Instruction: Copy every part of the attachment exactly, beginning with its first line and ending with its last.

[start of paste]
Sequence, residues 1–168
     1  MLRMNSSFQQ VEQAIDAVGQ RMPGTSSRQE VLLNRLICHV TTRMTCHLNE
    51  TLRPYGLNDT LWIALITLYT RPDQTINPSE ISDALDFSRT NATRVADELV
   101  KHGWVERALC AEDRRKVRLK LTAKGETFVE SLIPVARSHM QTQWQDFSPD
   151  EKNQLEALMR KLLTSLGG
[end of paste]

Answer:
Sequence, residues 1–168
     1  MLRMNSSFQQ VEQAIDAVGQ RMPGTSSRQE VLLNRLICHV TTRMTCHLNE
    51  TLRPYGLNDT LWIALITLYT RPDQTINPSE ISDALDFSRT NATRVADELV
   101  KHGWVERALC AEDRRKVRLK LTAKGETFVE SLIPVARSHM QTQWQDFSPD
   151  EKNQLEALMR KLLTSLGG